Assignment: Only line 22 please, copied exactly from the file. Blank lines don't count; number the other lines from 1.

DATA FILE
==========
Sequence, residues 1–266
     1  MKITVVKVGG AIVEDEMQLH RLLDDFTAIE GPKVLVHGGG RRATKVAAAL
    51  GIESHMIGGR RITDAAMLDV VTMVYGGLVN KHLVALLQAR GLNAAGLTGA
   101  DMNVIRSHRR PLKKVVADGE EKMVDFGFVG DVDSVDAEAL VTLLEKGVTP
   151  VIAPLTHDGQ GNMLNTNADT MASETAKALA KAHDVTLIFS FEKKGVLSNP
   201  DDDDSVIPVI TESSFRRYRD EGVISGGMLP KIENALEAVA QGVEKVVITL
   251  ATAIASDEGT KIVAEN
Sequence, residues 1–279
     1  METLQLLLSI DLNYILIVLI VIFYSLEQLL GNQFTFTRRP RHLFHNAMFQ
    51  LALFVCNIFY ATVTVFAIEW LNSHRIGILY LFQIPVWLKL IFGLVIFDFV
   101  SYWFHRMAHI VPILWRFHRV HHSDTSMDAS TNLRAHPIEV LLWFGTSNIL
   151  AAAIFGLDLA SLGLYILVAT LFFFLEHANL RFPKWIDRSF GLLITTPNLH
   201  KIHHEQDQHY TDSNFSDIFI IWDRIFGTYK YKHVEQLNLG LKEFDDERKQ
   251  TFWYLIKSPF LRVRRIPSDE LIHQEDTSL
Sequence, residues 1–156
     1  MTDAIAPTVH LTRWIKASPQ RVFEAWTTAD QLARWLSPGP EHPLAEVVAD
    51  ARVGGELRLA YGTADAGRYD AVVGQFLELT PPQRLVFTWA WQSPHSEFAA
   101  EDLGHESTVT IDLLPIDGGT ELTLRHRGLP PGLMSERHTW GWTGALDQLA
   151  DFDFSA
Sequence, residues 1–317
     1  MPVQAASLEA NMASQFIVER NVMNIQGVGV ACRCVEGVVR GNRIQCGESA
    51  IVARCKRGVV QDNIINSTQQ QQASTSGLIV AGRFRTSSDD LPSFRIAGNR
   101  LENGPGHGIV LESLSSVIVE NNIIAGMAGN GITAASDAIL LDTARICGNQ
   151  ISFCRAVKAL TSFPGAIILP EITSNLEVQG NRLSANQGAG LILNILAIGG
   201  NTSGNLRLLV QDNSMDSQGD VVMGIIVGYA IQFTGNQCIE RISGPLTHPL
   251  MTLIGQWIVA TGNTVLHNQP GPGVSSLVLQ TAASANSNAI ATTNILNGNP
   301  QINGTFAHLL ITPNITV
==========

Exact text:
    51  IVARCKRGVV QDNIINSTQQ QQASTSGLIV AGRFRTSSDD LPSFRIAGNR